3. Although appellants argue on appeal that the trial court also erred to the extent its denial of injunctive relief was based on Deep South's Commerce Clause and unconstitutional takings defenses, we find nothing in the transcript of the final hearing or the language of the trial court's order sufficient to support the conclusion that the trial court made any of the factual or legal findings necessary for a ruling on these challenges to the Ordinance. This Court will not pass upon the constitutionality of a law or ordinance "unless it clearly appears in the record that the point was directly and properly made in the court below and distinctly passed on by the trial judge." Pitts v. G.M.A.C., 231 Ga. 54, 56 (199 S.E.2d 902) (1973). Accordingly, Deep South's arguments related to the commerce and "takings" clauses have not been preserved for appeal. See Nathans v. Diamond, 282 Ga. 804 (2) (654 S.E.2d 121) (2007).

4. Finally, appellants argue that the trial court erred by denying injunctive relief on the ground that enforcement of the Ordinance against Deep South would allow the County to construct an illegal monopoly in violation of the Sherman Antitrust Act, 15 U.S.C.A. §§ 1-3. See also Ga. Const. Art. III, Sec. VI, Para. V (c). We agree. "[I]t is well-established that local governmental entities are immune from antitrust laws when engaged in anti[-]competitive conduct pursuant to a clearly expressed state policy." Strykr v. Long County Board of Commissioners, 277 Ga. 624, 625 (593 S.E.2d 348) (2004). Under almost identical facts, this Court in Strykr held that a county's exclusive contract with a private contractor for the provision of solid waste collection in unincorporated areas was not illegal, anti-competitive conduct because solid waste collection "was conduct expressly contemplated by the State in the enactment of the Georgia Comprehensive Solid Waste Management Act, OCGA § 12-8-20 et seq." The Ordinance in this appeal was enacted pursuant to the same clearly articulated state policy as in Strykr and we conclude, as we did in that case, that the County's actions are exempt from the Sherman Act. Strykr, supra at 625 (1). See also Danner Construction Co., Inc. v. Hillsborough County, Florida, 608 F.3d 809, 814-816 (11th Cir. 2010); McCallum v. City of Athens, Georgia, 976 F.2d 649, 652-655 (11th Cir. 1992).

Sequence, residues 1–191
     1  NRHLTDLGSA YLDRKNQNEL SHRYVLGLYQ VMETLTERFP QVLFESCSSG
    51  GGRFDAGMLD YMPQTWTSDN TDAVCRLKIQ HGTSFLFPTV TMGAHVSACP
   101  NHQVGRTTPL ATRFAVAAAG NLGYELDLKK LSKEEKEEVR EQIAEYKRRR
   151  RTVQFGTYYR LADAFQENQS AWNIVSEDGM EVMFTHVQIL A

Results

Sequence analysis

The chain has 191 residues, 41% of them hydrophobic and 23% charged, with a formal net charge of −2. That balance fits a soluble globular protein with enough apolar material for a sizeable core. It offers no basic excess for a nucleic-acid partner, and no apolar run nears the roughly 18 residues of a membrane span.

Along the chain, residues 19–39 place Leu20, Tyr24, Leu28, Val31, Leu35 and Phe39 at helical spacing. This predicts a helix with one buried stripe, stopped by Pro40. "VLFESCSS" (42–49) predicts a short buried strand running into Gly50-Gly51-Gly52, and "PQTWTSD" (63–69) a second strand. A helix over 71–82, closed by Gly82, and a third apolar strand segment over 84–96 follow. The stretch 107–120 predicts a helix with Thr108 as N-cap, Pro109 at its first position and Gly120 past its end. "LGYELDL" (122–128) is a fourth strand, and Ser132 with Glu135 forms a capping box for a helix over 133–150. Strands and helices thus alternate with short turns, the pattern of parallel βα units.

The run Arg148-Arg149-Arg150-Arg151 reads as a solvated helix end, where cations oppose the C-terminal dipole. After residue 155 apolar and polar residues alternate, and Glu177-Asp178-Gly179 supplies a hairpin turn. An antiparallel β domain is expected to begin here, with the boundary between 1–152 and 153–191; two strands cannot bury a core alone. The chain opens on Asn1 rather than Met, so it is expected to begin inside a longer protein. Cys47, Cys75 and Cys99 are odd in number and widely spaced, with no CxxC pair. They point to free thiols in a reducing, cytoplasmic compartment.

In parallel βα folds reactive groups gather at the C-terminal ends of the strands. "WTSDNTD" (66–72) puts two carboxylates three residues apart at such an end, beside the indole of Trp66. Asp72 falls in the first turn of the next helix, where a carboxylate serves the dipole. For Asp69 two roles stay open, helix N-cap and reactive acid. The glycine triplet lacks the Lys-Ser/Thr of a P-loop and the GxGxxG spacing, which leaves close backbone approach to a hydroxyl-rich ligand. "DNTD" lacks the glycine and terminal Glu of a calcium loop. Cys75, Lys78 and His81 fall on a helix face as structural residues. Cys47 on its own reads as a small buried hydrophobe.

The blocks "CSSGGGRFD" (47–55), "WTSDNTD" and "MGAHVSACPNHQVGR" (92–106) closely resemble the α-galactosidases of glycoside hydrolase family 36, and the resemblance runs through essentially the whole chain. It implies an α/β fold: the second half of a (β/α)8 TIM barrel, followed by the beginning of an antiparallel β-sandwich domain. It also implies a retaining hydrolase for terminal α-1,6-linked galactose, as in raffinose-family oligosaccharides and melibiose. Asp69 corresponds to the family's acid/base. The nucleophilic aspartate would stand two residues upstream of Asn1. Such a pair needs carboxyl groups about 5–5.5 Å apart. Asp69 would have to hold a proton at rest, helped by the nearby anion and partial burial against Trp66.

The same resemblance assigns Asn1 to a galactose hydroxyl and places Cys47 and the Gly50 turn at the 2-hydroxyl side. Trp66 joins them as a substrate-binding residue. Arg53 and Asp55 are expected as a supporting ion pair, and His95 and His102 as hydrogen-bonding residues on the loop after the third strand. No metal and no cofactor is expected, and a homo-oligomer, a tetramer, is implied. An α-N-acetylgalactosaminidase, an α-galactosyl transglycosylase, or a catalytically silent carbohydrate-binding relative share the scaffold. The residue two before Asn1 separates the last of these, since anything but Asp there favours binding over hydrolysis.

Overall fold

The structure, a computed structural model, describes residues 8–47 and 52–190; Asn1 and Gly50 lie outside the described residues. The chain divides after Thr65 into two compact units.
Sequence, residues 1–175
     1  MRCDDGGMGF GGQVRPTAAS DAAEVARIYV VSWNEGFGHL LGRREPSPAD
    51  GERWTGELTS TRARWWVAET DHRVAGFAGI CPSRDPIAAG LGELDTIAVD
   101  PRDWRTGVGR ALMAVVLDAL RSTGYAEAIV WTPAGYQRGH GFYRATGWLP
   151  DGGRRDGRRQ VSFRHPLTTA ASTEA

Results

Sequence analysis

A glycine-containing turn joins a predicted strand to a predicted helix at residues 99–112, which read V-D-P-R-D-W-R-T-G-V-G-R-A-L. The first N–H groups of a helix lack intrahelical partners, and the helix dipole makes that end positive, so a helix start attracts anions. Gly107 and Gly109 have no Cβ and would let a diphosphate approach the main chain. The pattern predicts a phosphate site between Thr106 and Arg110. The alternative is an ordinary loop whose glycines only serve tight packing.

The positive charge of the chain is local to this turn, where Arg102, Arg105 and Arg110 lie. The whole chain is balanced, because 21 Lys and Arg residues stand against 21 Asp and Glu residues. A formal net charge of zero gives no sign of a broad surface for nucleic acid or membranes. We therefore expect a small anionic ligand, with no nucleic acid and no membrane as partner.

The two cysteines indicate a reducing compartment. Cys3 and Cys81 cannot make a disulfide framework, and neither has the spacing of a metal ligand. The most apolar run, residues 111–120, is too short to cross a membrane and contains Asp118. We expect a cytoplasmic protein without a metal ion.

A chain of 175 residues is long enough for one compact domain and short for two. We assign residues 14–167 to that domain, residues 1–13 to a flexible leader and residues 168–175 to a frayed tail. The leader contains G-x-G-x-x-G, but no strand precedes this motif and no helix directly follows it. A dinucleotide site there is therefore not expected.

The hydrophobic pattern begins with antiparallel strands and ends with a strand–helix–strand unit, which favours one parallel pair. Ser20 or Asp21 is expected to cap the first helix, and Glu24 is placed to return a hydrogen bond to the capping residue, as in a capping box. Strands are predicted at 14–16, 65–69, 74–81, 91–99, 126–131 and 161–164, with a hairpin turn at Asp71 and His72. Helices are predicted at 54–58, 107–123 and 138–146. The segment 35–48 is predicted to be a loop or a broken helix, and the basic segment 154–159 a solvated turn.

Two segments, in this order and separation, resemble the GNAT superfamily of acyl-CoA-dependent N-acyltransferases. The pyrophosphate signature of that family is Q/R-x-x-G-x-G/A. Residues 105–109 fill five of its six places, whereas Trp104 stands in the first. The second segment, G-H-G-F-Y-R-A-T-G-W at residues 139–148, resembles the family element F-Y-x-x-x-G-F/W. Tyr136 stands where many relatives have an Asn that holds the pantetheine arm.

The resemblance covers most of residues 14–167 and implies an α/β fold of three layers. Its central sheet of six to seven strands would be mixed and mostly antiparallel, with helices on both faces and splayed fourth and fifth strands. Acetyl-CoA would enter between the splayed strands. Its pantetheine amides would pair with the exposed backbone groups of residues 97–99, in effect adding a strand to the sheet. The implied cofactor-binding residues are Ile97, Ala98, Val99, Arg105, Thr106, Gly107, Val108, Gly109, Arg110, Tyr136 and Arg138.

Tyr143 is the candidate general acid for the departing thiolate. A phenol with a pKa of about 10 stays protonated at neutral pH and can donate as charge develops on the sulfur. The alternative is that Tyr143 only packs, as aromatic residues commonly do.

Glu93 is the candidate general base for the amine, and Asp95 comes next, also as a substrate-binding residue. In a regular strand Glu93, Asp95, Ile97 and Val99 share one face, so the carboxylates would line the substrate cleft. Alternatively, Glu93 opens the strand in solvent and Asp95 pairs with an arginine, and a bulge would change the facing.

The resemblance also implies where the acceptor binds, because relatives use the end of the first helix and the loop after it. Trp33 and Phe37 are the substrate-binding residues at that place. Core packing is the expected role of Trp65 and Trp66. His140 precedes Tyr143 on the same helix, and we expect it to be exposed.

The trial court in this case denied injunctive relief to appellants based on its determination that enforcement of the Ordinance against Deep South was prohibited under the Sherman Antitrust Act and would violate Deep South's due process rights, legal rulings which we find to be erroneous. Accordingly, the trial court erred to the extent its ruling denying injunctive relief to appellants was based on these grounds.

Judgment reversed.